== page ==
3 Ways Gratitude Amplify Your Positive Emotions

Is it common for you to feel flaky, hazy, or overly selfless when you express gratitude? Do you feel stuck, unhappy, or that you're always seeking joy and happiness at the same time?

Giving appreciation a try could help you on your path to improved health and happiness. Scientific research on thankfulness demonstrates that it is associated with more significant pleasant emotions when gratitude is frequently practiced.

Gratitude serves as a portal to pleasant feelings in three ways:

1. Gratitude aids in the processing of other pleasant feelings, such as joy.

It's likely that if you practice thankfulness for at least two to eight weeks, you'll feel more positive emotions like curiosity, enthusiasm, joy, and pride.

Gratitude raises levels of dopamine and serotonin in the brain, which are crucial neurotransmitters that make us feel happy. When we express gratitude more frequently, the neurological circuits that produce happiness improve, similar to how exercise strengthens the body.

The University of California by Berkeley's Greater Good Science Center recommends thankfulness writing for 15 minutes three times per week for two weeks to notice good results. According to Janet Miller, a Forbes magazine writer, it takes eight weeks for brain patterns to alter and create favorable consequences.

Making appreciation a regular practice, in whatever form you choose, is the first step toward your objective of feeling better and liking yourself.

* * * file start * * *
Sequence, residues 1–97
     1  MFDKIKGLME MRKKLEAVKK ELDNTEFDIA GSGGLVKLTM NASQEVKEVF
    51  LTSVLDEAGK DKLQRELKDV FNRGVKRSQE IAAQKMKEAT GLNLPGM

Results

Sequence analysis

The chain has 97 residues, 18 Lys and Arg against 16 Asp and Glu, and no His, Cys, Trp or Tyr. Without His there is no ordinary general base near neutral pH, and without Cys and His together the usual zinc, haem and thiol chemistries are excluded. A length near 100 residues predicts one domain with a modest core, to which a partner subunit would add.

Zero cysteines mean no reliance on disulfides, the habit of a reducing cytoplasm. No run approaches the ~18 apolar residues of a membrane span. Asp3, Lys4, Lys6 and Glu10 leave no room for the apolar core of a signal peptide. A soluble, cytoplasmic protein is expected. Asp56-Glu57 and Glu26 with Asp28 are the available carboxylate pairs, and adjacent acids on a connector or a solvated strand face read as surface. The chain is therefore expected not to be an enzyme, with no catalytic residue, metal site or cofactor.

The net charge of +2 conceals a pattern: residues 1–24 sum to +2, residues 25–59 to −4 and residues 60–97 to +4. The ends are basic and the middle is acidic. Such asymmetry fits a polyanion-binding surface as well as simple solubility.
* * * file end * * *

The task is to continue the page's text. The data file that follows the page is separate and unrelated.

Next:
2. Gratitude allows people to cherish good times for longer periods of time.

Researchers examine how thankfulness "maintains pleasant emotions stemming from a positive encounter" in a study published in the "International Journal of Applied Positive Psychology." To put it another way, these researchers found that appreciation can "keep heightened levels of good feelings" for the time being.

The participants were told to write about a recent accomplishment (i.e., a "good experience"). Then, for 15 minutes, participants were asked to write down reasons they were glad that led to their accomplishment (i.e., the "gratitude intervention"). According to the study, in comparison to those in the control group, the thankfulness intervention resulted in increased pleasant emotions at a later stage.

According to a 2019 study, expressing gratitude for a pleasant event allows you to cherish it.

3. Gratitude and joy are symbiotic, meaning they feed off one other.

Gratitude and joy go hand in hand, according to a study published in The Journal of Positive Psychology. The study concludes that there is "a fascinating upward loop connecting gratitude and joy: as one nurtures the attitude of thankfulness, the regularity of experiences of joy rises, which in turn should develop the propensity for joy, thereby enhancing gratitude."

Even though no particular gratitude therapy was employed and only trait thankfulness was examined, the link between gratitude and joy is evident, suggesting a symbiotic relationship that may be recreated in all of us.

To summarize, gratitude may be the most valuable weapon in your toolkit for individuals who want to feel better—and feel better more often. One of the many significant impacts of a regular appreciation practice is the upward spiral of happy feelings, including more prolonged periods of happiness.

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